Caps had zero power plays in Game 5

Brian Tinsman
May 20, 2018 - 9:52 pm

Kim Klement-USA TODAY Sports


The Washington Capitals are tied with the Tampa Bay Lightning for power play goals (16) this postseason, despite having zero in Game 5. The primary reason why they had no goals is because they had zero power play opportunities, which is a bit unusual.

And it wasn't for lack of plays that could have been penalized.

Midway through the first period, Dmitry Orlov was pretty clearly tripped by Tampa's Steven Stamkos. Trips can be hard to judge, but it was the type of play that looks like a trip in real time, then looks like a trip in slow motion. See for yourself:

"In my opinion, yeah, it turned into a scoring chance," Caps coach Barry Trotz said after the game, confirming he thought it was a penalty but choosing his words carefully. "We had puck possession and I thought that was missed. 

"There was probably a few missed. We didn't get a power play the whole game. We had a lot of possession, a lot of second and third, and surely there was something out there that might have pulled [a power play>. But the is what it is. You've got to play through it and we didn't do that early."

Coaches have to choose their words carefully or risk incurring fines from the league. But any time you say that something "is what it is," that means you don't think it's very good.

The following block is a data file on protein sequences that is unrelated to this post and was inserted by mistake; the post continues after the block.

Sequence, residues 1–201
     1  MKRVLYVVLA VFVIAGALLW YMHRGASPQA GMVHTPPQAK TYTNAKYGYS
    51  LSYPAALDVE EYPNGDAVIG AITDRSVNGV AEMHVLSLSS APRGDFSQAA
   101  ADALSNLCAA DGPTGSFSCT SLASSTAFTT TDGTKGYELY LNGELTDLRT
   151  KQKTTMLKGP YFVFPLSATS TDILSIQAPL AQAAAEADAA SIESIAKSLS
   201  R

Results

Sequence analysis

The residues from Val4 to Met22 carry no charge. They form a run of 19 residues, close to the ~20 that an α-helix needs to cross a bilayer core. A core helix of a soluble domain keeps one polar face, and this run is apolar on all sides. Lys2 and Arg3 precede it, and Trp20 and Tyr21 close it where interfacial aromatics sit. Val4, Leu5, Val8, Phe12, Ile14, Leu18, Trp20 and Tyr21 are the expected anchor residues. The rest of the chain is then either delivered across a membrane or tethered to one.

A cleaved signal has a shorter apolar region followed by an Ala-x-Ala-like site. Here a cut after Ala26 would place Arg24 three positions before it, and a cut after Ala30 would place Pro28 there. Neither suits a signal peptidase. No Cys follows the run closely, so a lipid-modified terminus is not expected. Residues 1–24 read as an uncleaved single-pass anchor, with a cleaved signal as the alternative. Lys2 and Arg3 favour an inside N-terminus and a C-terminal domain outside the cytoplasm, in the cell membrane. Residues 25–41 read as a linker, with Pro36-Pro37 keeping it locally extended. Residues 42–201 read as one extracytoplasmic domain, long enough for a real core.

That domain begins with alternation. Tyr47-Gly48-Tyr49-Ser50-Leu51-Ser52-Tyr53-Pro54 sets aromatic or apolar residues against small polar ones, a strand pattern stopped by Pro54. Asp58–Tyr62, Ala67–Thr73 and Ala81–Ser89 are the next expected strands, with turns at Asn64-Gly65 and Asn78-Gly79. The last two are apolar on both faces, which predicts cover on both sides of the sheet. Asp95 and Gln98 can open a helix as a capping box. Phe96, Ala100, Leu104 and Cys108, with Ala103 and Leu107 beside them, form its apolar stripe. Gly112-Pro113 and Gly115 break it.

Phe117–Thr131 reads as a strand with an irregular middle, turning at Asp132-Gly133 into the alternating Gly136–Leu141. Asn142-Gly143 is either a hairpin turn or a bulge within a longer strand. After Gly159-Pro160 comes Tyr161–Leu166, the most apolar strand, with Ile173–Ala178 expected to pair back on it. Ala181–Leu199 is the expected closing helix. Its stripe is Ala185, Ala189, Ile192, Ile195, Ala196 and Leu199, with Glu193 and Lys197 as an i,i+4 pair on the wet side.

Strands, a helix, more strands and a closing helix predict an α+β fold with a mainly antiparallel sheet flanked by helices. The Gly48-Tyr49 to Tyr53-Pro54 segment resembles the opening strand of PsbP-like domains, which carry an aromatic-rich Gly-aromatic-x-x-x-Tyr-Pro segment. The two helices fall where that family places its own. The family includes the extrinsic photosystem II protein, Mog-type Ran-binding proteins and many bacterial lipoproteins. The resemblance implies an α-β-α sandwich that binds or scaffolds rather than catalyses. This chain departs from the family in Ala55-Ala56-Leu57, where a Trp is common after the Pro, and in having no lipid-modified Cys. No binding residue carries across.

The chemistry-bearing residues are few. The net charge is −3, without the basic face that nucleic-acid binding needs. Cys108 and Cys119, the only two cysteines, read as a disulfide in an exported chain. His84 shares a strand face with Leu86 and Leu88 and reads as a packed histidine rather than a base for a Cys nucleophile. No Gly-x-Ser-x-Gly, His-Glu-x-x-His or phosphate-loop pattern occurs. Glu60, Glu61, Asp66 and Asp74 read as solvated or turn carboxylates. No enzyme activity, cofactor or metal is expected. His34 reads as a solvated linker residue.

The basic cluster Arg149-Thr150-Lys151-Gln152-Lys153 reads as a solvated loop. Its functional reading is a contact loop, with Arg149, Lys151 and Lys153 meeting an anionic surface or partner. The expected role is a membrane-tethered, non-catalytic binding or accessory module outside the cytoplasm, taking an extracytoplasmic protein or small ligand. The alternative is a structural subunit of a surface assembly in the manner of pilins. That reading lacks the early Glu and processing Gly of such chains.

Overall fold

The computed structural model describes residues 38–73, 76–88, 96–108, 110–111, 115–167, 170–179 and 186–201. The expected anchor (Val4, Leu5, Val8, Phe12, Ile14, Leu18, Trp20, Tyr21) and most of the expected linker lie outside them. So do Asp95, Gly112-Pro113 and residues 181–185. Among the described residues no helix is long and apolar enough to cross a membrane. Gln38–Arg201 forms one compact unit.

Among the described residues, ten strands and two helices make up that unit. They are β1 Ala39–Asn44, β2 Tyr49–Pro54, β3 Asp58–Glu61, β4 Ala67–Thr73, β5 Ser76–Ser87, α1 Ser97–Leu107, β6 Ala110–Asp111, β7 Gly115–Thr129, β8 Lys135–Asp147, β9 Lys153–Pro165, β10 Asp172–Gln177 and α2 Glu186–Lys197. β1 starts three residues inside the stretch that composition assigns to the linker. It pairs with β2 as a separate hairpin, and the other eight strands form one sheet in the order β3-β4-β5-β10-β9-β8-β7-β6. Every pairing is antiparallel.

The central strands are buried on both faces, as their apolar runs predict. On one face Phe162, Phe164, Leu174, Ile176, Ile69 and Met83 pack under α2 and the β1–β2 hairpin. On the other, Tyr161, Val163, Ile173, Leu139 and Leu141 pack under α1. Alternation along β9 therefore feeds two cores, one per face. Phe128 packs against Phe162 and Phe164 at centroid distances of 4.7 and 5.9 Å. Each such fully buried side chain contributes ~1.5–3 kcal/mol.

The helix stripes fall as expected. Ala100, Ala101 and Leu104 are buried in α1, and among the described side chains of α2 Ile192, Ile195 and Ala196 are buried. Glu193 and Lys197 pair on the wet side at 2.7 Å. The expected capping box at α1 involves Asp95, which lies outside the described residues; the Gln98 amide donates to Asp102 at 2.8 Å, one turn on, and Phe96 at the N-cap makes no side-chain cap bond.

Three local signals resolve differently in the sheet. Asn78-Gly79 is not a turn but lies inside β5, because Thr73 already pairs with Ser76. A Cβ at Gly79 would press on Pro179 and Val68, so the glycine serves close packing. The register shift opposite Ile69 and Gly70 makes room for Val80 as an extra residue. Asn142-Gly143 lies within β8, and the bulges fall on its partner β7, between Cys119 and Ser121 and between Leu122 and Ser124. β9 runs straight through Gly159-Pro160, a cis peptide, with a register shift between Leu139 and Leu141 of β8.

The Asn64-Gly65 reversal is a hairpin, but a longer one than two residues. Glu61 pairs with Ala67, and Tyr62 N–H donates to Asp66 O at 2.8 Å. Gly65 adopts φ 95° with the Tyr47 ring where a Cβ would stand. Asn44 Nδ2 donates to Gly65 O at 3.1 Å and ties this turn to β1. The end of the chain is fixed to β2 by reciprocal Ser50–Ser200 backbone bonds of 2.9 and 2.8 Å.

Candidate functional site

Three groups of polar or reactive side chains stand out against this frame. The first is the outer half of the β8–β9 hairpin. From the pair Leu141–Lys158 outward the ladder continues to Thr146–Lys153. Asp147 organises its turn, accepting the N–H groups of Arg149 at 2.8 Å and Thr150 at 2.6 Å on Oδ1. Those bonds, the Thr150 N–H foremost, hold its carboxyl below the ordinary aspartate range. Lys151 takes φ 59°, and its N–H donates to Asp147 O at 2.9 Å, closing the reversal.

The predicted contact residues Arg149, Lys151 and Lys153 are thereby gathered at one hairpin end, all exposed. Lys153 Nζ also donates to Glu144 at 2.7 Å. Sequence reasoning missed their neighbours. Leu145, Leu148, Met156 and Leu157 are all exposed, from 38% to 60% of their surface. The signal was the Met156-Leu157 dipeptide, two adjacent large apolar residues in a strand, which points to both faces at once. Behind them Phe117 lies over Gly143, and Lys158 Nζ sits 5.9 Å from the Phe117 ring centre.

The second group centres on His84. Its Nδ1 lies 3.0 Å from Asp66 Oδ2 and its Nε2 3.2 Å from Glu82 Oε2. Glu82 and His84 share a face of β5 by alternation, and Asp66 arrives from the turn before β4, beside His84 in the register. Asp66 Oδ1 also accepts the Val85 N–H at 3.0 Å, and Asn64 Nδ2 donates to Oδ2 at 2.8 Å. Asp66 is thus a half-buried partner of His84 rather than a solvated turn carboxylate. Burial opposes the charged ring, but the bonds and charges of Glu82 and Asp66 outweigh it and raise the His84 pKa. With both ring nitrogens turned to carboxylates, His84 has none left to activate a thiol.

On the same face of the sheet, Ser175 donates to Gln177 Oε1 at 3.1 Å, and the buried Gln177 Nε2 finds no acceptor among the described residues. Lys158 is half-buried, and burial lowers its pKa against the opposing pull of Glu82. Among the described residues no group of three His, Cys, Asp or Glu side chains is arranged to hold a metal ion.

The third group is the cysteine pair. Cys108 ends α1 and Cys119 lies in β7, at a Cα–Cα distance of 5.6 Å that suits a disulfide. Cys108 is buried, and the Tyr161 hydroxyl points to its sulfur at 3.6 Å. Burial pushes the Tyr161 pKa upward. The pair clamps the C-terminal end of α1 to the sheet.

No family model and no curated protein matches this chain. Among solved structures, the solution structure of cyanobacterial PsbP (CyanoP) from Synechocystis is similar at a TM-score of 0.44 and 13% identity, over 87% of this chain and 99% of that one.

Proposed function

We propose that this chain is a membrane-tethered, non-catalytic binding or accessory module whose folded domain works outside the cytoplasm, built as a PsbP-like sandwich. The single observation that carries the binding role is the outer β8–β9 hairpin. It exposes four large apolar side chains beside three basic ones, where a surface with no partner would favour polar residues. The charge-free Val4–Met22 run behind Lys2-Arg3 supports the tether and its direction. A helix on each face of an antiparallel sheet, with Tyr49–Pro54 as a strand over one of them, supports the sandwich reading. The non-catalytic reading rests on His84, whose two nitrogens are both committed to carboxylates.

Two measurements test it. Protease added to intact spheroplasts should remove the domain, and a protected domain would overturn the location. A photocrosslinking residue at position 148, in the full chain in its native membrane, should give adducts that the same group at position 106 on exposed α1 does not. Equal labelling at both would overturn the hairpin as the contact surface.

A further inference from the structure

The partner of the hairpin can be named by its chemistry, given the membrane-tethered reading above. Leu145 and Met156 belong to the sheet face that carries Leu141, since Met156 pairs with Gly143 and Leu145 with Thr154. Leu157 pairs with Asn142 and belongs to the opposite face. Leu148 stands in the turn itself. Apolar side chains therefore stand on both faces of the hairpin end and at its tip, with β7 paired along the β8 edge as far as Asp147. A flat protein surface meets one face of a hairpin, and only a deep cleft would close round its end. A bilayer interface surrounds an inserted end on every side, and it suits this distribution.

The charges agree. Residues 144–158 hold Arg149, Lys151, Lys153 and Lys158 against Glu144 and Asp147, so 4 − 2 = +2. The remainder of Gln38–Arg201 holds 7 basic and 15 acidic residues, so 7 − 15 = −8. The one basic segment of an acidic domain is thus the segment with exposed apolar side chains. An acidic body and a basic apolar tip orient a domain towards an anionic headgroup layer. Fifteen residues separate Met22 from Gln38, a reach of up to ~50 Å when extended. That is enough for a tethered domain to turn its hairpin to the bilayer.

And Trotz knows the value of those power-play opportunities.

In addition to leading the NHL in postseason special teams goals, the Caps have also converted 28.6 percent of power play opportunities, which is among the best for playoff teams. To miss out on opportunities like that is certainly disappointing. 

But give the Caps credit--even if it did cost them dearly on the scoreboard and in terms of momentum, they were not willing to blame officiating for the loss. Netminder Braden Holtby embraced the blame at game's end.

"It’s not easy. It's just the way it was," Holtby told the media. "That’s the reason why that goal happened. I’m not putting the blame on anyone. I’m just explaining what happened.

"Bad breaks sometimes go your way. Just regroup and move forward. I think we did that in the first intermission and now we’re going to push forward in Game 6."


Follow Brian Tinsman and 106.7 The Fan on Twitter.